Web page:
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NEWS | July 29, 2009

Requirements to operate a motorcycle: Do you know them?

By Master Sgt. Erwin "Wes" Arguilla Master Sgt. Erwin "Wes" Arguilla

According to the Air Force Safety Center, the United States Air Force has already experienced 18 fatalities during the 101 Critical Days of Summer. Of those 18, five were motorcycles, and unfortunately, Air Mobility Command owned two of those five fatalities.

After AMC experienced it's second motorcycle fatality, wing safety conducted a motorcycle spot check ensuring riders had their Motorcycle Safety Foundation and Sport Bike training cards, all personal protection equipment and motorcycle in a safe riding condition.

Our inspectors found three riders not carrying their MSF and Sport Bike training cards and four riders did not have a date on their waiver. There are requirements Airmen need to accomplish before they can become a rider. But first, Airmen need to know the definition of a motorcycle.

What is a motorcycle? According to Air Force Instruction 91-207, US Air Force Traffic Safety Program, it defined a motorcycle as any motor vehicle having a seat or saddle for the use of its operator and is designed to travel on not more than three wheels. This includes mopeds and seated motor scooters but doesn't include all terrain vehicles.

Here are the requirements Airmen need to become a motorcycle rider:

First, Airmen need to identify themselves as a motorcycle rider to their supervisor, unit motorcycle safety representative, first sergeant, or unit commander to get the required training. Riders need to identify themselves immediately. Members who are thinking about becoming a motorcyclist needs to identify themselves as well. Airmen who have purchased a motorcycle and have not identified themselves, are not authorized to ride the motorcycle. Are you seeing a trend? Identify yourself.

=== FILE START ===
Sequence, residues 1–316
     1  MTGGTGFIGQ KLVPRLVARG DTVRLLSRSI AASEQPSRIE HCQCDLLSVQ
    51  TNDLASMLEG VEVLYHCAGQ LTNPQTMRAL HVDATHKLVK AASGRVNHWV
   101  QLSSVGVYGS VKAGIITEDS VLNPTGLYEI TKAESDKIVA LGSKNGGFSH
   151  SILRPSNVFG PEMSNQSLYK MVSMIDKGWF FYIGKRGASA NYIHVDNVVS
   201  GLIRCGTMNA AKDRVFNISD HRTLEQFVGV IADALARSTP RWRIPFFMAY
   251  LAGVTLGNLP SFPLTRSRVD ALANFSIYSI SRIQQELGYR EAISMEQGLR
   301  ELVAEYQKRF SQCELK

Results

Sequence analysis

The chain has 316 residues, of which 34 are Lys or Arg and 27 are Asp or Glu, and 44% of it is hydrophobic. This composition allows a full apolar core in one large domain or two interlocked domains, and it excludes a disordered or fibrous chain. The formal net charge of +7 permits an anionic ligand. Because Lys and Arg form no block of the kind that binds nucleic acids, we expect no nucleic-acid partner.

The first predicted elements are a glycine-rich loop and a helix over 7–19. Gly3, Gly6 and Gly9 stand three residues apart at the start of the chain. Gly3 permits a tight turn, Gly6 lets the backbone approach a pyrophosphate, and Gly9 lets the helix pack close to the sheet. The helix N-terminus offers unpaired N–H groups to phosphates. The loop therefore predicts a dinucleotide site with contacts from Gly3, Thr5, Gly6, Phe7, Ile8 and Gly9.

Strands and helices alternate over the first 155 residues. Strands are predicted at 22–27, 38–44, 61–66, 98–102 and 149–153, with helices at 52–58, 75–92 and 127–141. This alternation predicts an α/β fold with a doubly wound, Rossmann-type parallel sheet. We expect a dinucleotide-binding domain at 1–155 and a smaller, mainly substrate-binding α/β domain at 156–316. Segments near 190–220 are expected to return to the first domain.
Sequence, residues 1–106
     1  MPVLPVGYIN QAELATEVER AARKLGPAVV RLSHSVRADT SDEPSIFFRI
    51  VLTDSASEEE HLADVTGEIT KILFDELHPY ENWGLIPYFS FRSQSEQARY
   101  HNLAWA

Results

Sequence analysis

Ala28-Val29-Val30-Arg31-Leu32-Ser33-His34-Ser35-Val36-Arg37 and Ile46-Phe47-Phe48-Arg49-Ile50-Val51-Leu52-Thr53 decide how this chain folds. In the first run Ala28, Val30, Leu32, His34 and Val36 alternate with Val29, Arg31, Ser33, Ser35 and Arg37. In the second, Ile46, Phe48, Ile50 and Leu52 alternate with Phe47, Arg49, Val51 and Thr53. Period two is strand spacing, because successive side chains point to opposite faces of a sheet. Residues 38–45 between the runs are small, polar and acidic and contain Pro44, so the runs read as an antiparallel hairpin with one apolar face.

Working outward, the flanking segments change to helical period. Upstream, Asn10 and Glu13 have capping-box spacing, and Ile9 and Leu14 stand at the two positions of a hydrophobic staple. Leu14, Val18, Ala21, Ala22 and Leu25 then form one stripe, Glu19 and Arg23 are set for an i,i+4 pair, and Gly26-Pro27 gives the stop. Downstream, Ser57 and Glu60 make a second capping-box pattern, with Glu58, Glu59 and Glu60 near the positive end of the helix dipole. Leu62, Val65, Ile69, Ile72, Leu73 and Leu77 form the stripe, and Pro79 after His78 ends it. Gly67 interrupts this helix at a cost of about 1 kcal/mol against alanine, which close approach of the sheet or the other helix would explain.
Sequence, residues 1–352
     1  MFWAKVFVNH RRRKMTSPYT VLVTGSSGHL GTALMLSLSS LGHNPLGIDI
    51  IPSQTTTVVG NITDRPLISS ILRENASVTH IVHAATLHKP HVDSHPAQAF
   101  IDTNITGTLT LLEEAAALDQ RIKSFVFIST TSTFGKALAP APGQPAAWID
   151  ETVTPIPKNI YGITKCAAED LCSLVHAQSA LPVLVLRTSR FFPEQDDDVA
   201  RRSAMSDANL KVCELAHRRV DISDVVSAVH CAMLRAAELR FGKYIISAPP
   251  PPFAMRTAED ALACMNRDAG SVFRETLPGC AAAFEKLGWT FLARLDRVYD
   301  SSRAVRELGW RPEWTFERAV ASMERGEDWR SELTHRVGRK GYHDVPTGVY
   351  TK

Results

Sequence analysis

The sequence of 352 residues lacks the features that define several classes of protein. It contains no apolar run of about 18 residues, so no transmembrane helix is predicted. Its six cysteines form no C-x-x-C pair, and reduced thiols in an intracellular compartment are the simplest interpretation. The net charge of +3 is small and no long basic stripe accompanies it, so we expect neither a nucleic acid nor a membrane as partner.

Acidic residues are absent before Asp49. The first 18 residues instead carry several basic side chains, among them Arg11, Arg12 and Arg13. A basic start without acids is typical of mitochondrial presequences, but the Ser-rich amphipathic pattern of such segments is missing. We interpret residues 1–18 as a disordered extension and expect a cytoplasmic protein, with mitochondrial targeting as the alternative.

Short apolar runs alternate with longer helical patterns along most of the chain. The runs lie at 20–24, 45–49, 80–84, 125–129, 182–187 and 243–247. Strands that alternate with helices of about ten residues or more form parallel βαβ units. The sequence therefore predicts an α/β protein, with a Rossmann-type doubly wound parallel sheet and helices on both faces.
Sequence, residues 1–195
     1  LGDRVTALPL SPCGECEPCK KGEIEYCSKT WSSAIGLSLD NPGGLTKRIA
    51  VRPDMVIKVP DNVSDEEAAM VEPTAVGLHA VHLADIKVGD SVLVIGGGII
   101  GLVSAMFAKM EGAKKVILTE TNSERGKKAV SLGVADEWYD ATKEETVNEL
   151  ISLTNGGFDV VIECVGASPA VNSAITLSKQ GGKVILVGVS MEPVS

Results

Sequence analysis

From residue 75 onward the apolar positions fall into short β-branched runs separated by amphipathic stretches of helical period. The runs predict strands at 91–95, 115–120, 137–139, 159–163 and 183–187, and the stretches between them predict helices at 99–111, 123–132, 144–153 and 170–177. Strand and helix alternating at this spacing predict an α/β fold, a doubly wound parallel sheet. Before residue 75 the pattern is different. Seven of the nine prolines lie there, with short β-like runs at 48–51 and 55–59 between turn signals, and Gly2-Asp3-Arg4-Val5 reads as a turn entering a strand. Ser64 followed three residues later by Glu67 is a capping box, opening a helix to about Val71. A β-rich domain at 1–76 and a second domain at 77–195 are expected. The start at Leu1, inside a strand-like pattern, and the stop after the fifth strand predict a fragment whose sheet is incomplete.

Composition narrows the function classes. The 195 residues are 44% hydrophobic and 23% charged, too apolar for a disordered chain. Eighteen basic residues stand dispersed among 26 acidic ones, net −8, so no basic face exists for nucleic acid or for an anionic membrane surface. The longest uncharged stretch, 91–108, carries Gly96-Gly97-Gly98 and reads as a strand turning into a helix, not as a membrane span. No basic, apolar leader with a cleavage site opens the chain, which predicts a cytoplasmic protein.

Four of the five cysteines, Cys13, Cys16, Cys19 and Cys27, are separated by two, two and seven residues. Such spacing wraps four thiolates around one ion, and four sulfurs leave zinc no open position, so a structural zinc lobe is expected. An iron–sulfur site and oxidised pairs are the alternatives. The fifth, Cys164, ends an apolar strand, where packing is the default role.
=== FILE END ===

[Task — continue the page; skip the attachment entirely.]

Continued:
Once riders are identified, the unit commander or designee will conduct a one-on-one interview with the new rider and review the AMC Form 91, Commanders Motorcycle Safety Interview. The intent for the AMC Form 91 is to identify potential risks leading to injury or death of a motorcyclist. After riders have been identified and interviewed, they need to sign up for the motorcycle course based on the type of motorcycle you operate.

Before we talk about the training courses, the waiver needs some explanation. Technically, riders are not allowed to operate a motorcycle on the road until they receive a waiver from their unit commander and are scheduled to attend the required motorcycle course(s). According to AFI 91-207 AMC Supplement 1, installation and unit commanders may authorize riders awaiting training to ride on and off base for up to 30 days. Once the 30 days expire and they have not received training, they are not allowed to ride their motorcycle, on and off base, until they have completed their training. The wing commander will not grant an extension to the 30 day wavier.

Second, riders are required to attend and complete an approved motorcycle rider safety training course. They are required to attend either the Motorcycle Safety Foundation Basic Rider's Course or the Experienced Rider's Course. If riders operate a regular street bike, they are only required to attend the MSF course. If the rider operate a sport bike or upgrade to a sport bike, they are required to attend AMC Sport Bike courses after you completed the MSF course. Any rider who decides to trade-in their sport bike for another, 200cc or more powerful sports bike, we highly encourage them to retake the AMC Sport Bike Course. All motorcycle courses taught at Charleston AFB and the Charleston Naval Weapon Station are free.

Finally, all active-duty members are required to wear their PPE 24/7 on and off base. As for civilian employees, dependents and contractors, they are required to wear PPE on base.

Please contact the 437 AW safety office at 963-5598 or 963-3445 for any further questions.